Justices to decide whether victims will pay abuser’s lawyer

By Andrea Lannom
CharlestDaily Mail
April 22, 2015

West Virginia Supreme Court justices will decide whether victims will have to pay a more than $20,000 legal bill for what they argue is civil defense for a man convicted of sexually abusing them.

In this case, filed in circuit court in Berkeley County, minor victims accuse the church and other people related to the church of facilitating abuses by Christopher Michael Jensen, 23. Jensen’s father was a high priest and high councilor of the West Virginia Stake and his mother was president of the church’s relief society at the time.

The lawsuit alleged Jensen’s parents and other members knew about Jensen before he raped a 3-year-old and 4-year-old boy, discussing abuses of minors by Jensen at a meeting of the West Virginia Stake High Council.

The lawsuit alleged Jensen’s mother suggested church members hire him as a babysitter. Jensen was charged in 2012 when one of the children assaulted in 2007 brought the abuse to his parents. Jensen was convicted on those charges in 2013 and is currently serving a 35- to 75-year sentence on two counts of sex abuse by a guardian or person in a position of trust and one count of first-degree sexual assault at Mt. Olive Correctional Center.

Church defendants moved to appoint Kirk Bottner as guardian ad litem, to represent Jensen’s interests. Because Jensen is a prisoner, he couldn’t receive the civil complaint. So, a guardian ad litem, which is appointed to people who can’t competently interact with the legal system, was needed.

On appeal, plaintiffs argue they wanted the guardian ad litem’s role to be limited but say he has been acting as a defense lawyer. In Wednesday’s hearing, Justice Allen Loughry asked attorneys how a $46,000 bill could be racked up when Jensen attended about three out of 80 deposition hearings.

Carl Kravitz, who represents nine children alleging sexual abuse by Jensen between 2007 and 2012, said the reason the bill is so high is that Bottner is acting as a defense attorney. He said this is not a proper function of the guardian ad litem.

However, Bottner argued he is not acting as a defense attorney but is representing his client’s interests. He said the reason the bill is so high is the amount of documents in the case and the amount of time to review them to see if they relate to his client.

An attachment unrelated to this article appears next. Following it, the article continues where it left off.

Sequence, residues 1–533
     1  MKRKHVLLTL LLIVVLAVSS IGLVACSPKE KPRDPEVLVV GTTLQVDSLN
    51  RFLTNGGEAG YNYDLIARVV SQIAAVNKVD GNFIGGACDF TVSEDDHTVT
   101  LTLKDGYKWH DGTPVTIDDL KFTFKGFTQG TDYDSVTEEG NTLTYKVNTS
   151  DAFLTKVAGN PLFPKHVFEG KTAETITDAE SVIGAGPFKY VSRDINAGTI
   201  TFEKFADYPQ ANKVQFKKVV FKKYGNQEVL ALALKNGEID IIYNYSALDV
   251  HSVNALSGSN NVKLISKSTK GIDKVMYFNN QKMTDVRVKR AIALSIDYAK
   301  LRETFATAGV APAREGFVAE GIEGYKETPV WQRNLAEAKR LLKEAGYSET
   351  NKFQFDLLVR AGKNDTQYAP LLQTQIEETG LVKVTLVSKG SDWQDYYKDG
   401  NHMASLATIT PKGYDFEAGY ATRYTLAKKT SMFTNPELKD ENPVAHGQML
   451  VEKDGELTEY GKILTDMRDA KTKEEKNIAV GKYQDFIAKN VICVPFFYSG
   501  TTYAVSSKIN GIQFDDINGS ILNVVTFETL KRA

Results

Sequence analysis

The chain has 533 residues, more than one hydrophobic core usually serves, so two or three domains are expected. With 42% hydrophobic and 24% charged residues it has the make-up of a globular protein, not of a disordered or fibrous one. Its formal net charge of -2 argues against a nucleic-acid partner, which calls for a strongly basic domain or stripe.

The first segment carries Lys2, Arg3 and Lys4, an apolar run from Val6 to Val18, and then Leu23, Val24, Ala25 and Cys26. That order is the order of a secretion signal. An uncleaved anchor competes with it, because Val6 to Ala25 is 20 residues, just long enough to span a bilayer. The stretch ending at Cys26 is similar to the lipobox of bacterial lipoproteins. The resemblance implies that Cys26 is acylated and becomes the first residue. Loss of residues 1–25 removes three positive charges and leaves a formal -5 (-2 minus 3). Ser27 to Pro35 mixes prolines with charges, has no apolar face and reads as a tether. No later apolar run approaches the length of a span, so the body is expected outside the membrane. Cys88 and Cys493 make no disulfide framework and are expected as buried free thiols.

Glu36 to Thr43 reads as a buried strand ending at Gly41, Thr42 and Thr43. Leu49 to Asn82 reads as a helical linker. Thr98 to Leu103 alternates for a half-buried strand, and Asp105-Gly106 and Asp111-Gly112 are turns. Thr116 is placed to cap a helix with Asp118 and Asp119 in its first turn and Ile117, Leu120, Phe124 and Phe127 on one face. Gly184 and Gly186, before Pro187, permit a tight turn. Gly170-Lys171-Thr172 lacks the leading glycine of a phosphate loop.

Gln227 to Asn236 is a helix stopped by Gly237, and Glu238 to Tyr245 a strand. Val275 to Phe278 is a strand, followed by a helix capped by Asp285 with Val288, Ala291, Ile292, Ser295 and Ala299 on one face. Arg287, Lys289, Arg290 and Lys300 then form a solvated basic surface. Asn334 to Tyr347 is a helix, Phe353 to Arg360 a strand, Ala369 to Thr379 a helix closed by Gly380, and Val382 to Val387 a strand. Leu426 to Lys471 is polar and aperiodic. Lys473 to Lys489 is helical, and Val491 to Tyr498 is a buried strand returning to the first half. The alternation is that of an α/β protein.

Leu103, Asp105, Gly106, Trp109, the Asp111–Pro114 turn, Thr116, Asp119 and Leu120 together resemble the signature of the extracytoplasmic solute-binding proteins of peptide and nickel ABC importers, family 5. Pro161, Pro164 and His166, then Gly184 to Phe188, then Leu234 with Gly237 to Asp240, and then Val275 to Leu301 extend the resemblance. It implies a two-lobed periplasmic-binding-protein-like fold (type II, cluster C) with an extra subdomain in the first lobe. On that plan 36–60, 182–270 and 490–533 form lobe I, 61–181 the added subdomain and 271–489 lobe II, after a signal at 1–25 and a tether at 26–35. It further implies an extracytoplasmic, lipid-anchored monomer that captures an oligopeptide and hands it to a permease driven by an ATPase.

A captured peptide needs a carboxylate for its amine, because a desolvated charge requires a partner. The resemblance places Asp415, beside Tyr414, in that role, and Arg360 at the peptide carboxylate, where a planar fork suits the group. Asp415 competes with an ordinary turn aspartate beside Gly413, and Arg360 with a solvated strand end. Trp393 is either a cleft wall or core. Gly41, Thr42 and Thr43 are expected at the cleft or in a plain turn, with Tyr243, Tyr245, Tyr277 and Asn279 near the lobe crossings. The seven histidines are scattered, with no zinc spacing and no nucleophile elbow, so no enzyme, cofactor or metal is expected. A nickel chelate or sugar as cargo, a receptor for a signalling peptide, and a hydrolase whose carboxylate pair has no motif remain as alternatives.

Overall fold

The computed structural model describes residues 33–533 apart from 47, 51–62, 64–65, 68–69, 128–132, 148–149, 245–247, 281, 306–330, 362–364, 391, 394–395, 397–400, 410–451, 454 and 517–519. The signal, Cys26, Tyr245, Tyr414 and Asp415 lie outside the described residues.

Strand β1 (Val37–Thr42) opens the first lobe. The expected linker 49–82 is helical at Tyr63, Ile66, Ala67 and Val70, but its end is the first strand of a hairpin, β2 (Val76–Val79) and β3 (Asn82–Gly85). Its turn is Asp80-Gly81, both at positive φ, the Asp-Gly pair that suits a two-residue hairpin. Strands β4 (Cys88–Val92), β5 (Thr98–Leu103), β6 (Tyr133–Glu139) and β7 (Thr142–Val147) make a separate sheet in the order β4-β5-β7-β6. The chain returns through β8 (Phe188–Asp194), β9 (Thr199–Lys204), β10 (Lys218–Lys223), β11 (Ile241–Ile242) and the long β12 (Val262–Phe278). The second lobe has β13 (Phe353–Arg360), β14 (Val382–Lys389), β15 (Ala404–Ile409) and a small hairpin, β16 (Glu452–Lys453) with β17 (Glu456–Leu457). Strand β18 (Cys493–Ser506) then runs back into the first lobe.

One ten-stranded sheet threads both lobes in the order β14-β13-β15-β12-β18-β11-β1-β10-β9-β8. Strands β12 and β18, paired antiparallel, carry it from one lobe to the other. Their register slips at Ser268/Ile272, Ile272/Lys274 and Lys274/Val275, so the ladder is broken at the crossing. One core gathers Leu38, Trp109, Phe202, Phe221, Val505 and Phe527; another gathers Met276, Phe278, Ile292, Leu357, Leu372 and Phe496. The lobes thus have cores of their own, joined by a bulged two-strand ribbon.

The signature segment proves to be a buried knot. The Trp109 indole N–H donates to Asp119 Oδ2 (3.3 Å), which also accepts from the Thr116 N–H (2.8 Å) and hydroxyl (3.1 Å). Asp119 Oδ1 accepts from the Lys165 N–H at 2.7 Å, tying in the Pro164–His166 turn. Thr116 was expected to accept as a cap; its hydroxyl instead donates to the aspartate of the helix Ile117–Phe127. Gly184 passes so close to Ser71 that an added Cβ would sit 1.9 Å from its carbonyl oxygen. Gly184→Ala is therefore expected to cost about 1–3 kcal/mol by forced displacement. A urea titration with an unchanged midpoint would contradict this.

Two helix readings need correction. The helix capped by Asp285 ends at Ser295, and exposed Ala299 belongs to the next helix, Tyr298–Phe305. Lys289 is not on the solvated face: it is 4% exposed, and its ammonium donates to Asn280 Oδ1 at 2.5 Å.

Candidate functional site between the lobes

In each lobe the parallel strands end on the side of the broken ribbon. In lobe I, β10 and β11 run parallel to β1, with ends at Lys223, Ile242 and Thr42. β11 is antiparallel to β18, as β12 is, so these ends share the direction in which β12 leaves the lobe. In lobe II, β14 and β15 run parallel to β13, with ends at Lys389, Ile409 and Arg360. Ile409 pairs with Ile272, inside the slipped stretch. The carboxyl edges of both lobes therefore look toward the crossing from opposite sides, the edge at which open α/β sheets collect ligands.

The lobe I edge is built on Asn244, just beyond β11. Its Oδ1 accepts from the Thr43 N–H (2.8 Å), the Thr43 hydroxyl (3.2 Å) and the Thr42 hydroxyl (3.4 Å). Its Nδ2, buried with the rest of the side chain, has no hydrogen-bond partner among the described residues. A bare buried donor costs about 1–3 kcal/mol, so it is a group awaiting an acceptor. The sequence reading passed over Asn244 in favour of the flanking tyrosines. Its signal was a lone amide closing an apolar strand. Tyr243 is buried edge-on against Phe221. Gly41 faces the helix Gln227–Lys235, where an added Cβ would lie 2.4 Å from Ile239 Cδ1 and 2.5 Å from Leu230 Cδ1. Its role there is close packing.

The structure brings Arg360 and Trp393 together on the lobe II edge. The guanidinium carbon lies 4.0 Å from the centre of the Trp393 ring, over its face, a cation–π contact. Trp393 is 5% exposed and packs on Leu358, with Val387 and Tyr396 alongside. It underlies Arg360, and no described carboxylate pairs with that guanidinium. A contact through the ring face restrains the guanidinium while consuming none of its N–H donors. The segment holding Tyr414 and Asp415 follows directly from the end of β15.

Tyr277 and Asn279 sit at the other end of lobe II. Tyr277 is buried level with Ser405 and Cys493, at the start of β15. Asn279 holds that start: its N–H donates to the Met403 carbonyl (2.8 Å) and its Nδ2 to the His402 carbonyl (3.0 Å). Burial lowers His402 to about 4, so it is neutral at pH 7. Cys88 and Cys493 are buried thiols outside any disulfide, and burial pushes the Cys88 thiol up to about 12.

Kravitz said Bottner attended depositions and advised Jensen to take the 5th Amendment in those hearings. He also said Bottner filed various motions.

“None of these are functions a guardian ad litem would perform unless there was a circumstance where this court created another exception to the rule of appointing counsel in civil cases,” Kravitz said.

Justice Brent Benjamin asked Kravitz why another avenue wasn’t pursued, such as appointing a committee to look after Jensen’s interests. Kravitz said Jensen doesn’t have assets to protect.

“Even if he was not indigent, it’s highly improper to say a victim pays fees for a guy who went to prison for abusing you. It’s absurd,” Justice Margaret Workman said.

Kravitz said, “it is absurd and it’s an outrage.”

Bottner said he was appointed by the judge in February 2014 and submitted an interim bill because he thought he may have to attend a month-long trial, taking him away from his law office.

“We’re a small law firm. It can’t survive me not being in the office for a month. I have six employees and have to pay them,” he said.

Justice Menis Ketchum asked him when a guardian ad litem provides defense on a civil action.

“That is not my mission,” Bottner said, noting Jensen filed an answer contesting the allegations. He said he has been minimally involved in the case.

Justice Margaret Workman asked what he thought his role was in this case.

“To protect his fundamental rights ... whether he has an estate in the future is up in the air,” he said.

Benjamin asked why there would be “fees being generated to protect something essentially worth nothing,” referring to Jensen’s assets. Bottner responded that the judge appointed him to protect Jensen’s rights.

He also said it’s not a final decision and the judge said each party should pay half subject to reassessment.

“This is $46,000 of fees and it’s early on. It could be half a million in fees. The other side may drop out of fear that they’re on the hook,” Loughry said.

William Powell, representing the church defendants, said a guardian ad litem is not a potted plant and has to protect the interest of their ward. He said the judge ordered the guardian ad litem to protect their interests whatever that may be.

“It’s bothered me since I read it,” Justice Menis Ketchum said. “The plaintiffs sued him and the judge says, ‘Plaintiffs, you sued him; now pay his lawyer.’”

He said the guardian ad litem doesn’t represent him but represents his interest and he may or may not have an estate or assets. He also said Jensen could have additional criminal penalties depending on the facts of the case.

The case was submitted for review.



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